Unusual Regional Specialties

This a thread about regional specialties. Things that are really good to eat which seem to thrive in a particular region or city, but not really elsewhere.

While the main emphasis will probably be on street food and sandwiches, we shouldn’t ignore sit down meals as well.

So what’s good in your town that you can’t get elsewhere?

To get things started I will give a few of my favorite examples.

  1. The Chicago style hot dog with tomatoes, neon green relish, celery salt, and sport peppers.

You can get a good one here:

Superdawg Drive-In
333 S Milwaukee Ave, Wheeling, IL 60090
(847) 459-1900


  1. San Diego Carne Asada Burrito. No rice, no beans, no chipotle crap. Just marinated chopped steak grilled on a plancha, with guacamole and pico de Gallo in a flour tortilla. So fresh, so delishus.

You can get a good one here:

Nico’s Mexican Food
5151 Morena Pl, San Diego, CA 92110
(858) 272-7907


  1. Rutgers fat sandwiches. You need to go to something called a grease truck to get one of these.

You can get a good one here:

R U Hungry
95 Hamilton St, New Brunswick, NJ 08901
(732) 246-2177


I’m partial to the number 16 which is cheese steak, gyro, mozzarella sticks, chicken fingers, French fries, lettuce, tomato and tzatziki on a bun.

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In the SF Bay Area /Northern California:

Dutch crunch bread


Right you are about sandwiches. Tampa Bay area: Fried grouper sandwiches at either Frenchy’s Original Cafe in Clearwater Beach or Dave’s Dockside in Maderia Beach.




Primanti Bros sandwiches in Pittsburgh. Annas moms spanakopita at Fast Food on the island of Skiathos, Greece. Square cut thin pizza in Chicago.


I’ll add traditional pressed Cubans (because they’re not the same anywhere else) and a deviled crab.


A favorite regional specialty of mine are the softball sized crab cakes served at Faidley’s in the Lexington Market in Baltimore…


Speaking of burritos, the departed and mourned La Imperial in Hayward, California, served a guacamole super burrito that was the picture of simplicity – two components. The mole chicken was also outstanding; and all the “supers” meant nearly the size of a football – if memory serves, the platter was served with a box-it-up kit.

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Agreed! I’ll add a Louis Papas style Greek Salad. Now it is how the area defines a Greek Salad but you can’t find it anywhere else.

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Another Florida regional dish is Minorcan Clam Chowder from the St. Augustine area. A key ingredient is Datil peppers which are quite hard to source elsewhere. I detour a few hours from the interstate whenever I can time it right just to have a bowl when I’m enroute to visit my parents.

I did manage to score the last sad Datil pepper plant at the now gone East Palatka Fruit Market (RIP). Unfortunately it didn’t survive me.

Oops! Here’s another West Florida specialty.

As a kid there was a shack selling smoked mullet at either end of just about every causeway. Rich, oily and full of smoke - all you needed was hot sauce and a slice of Burmuda onion and you had a meal fit for a king. As long as you didn’t mind smelling like smoked mullet for the rest of the day…

New bridges were built, roads improved, land values went up and the shacks are long gone. Fortunately Ted Peters is still going strong in in St. Pete. I’ve seen a couple of set-up on US 19 up Homasassa way but wasn’t able to investigate. Heard of one in Tampa near the Gandy but don’t know for sure.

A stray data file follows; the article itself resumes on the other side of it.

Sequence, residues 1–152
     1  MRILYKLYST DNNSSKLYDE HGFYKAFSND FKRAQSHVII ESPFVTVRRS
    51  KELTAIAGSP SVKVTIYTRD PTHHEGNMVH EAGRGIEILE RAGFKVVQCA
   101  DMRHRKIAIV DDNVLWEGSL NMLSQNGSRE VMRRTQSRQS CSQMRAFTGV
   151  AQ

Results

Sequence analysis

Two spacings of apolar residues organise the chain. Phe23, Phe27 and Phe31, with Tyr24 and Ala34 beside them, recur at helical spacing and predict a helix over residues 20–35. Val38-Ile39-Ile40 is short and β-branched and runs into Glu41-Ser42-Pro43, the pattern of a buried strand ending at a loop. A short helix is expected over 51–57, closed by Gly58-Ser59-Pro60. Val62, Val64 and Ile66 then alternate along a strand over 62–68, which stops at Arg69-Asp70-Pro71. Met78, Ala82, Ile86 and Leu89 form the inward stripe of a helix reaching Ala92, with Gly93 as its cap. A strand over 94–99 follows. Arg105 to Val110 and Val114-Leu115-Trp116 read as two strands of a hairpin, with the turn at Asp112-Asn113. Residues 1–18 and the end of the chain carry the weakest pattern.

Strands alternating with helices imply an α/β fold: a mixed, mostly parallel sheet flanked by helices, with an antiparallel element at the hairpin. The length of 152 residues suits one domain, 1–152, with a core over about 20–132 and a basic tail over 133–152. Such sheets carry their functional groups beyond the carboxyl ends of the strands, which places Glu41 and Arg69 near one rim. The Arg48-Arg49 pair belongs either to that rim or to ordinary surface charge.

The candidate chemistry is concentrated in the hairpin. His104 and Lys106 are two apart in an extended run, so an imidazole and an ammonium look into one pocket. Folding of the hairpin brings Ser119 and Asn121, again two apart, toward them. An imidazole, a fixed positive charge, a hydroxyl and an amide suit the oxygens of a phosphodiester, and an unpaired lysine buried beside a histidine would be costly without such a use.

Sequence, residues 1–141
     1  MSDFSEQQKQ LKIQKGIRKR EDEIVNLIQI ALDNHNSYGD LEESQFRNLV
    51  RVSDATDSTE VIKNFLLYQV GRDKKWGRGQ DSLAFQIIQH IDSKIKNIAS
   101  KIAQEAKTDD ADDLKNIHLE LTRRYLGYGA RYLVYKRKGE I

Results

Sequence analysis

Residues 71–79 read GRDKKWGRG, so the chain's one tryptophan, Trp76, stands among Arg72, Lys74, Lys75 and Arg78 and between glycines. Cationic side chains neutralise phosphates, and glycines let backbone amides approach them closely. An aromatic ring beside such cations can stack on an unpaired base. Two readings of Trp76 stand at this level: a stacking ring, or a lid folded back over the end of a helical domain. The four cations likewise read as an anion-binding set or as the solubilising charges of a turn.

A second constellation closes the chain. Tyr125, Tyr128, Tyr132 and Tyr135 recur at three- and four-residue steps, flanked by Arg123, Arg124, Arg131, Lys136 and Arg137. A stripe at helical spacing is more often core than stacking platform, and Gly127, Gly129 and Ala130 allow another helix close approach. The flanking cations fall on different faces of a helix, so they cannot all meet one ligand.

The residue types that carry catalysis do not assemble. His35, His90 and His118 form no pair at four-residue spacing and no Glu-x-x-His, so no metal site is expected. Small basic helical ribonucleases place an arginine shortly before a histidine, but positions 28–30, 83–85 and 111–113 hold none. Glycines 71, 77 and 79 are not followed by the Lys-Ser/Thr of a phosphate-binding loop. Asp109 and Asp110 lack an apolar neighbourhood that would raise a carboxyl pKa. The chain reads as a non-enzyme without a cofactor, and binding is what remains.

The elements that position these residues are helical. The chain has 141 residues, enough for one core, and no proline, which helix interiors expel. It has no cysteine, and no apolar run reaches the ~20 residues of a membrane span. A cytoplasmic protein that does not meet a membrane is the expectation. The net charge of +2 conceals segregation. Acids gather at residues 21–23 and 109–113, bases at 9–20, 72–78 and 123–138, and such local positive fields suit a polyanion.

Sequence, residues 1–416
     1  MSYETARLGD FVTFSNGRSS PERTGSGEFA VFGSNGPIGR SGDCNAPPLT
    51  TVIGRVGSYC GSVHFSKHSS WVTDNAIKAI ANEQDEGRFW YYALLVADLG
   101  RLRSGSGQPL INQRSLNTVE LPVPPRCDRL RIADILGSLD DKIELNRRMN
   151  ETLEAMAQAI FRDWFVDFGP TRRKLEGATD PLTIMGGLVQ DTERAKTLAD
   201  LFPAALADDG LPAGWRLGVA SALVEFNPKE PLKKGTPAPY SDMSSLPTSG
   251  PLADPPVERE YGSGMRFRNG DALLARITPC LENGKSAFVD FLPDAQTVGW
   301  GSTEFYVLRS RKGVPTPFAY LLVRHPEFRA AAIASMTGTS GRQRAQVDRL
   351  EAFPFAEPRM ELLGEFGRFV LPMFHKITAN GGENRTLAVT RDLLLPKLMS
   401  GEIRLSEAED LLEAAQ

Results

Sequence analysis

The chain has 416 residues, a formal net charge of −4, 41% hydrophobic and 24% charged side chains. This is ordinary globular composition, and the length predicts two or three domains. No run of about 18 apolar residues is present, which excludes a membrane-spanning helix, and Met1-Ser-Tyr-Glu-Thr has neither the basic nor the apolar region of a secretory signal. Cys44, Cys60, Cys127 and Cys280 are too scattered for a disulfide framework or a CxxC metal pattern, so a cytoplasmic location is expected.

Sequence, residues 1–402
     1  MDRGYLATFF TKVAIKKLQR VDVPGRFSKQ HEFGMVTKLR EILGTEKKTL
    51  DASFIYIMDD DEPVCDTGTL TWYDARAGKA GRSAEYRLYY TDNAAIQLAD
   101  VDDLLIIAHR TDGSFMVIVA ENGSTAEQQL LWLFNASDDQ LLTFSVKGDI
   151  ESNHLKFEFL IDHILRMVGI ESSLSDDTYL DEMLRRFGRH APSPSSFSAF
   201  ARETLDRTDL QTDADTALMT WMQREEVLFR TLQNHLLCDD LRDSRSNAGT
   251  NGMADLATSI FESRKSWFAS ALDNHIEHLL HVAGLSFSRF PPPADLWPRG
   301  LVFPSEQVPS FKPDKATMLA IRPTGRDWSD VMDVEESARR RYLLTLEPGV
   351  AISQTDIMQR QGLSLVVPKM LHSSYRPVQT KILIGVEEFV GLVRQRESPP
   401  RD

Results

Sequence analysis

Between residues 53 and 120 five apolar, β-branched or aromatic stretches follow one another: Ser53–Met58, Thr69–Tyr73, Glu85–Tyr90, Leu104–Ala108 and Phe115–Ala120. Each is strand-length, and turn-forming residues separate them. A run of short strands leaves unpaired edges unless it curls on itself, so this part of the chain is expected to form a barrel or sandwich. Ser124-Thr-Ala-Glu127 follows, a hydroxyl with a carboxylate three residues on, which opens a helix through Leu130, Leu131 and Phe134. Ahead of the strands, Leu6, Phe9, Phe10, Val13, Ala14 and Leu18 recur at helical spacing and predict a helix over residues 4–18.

Smoked mullet also is served as a fish spread. It’s a bit richer in flavor than most other fish spreads but not particulary novel these days.


Try a Runza next time you find yourself lost in Nebraska.

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Yes ! You can get a good one here:

Vito & Nicks
8433 S Pulaski Rd,
Chicago, IL 60652


I recommend the sassage and extra cheese pie. So good.

In Omaha, I also eally like the GI Forum in South O:

American GI Forum
2002 N St,
Omaha, NE 68107
+1 402-733-9740


Get the tacos and the chili (avovado). So good.

Sadly, our Mullet man (who also made the best fried green tomatoes EVAR) passed away last spring.

I stopped by one rainy day and retreated to wait in my car. Steve ran my order to me in the.pouring rain…it was just the kind of guy he was.

The community is still trying to source mullet, and the turnout for his funeral was enormous.


I’m so sorry - he was part of a dying breed.

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In and around Castroville, CA you will find breaded and fried fresh artichoke hearts. Sometimes served with tomato sauce/marinara for dipping but more often just salt and lemon and maybe a side cup of best foods mayo.

I’ve lived in nyc for a long time now and certainly lots of unique dishes here aside from the obvious bagel/bialy/pizza/cheesecake/jewish deli things.
The corner bodega "eggonaroll " isn’t the same elsewhere since they use nyc hard rolls.
I haven’t traveled extensively in the US but I’m fairly certain the hot street nuts here aren’t commonly found elsewhere.


Me too:

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Growing up in central IL, one of our specialties was the Horseshoe: 2 slices of bread topped with a protein (hamburger, ham steak, cubed turkey, etc), topped with a bunch of french fries, and covered in cheese sauce. They even served them in our school cafeteria. I used to wait for Ham Horseshoe day in the cafeteria – it was my favorite school lunch. A version made with one slice of bread and one portion protein is known as a Ponyshoe.


Sounds like St. Pete has another!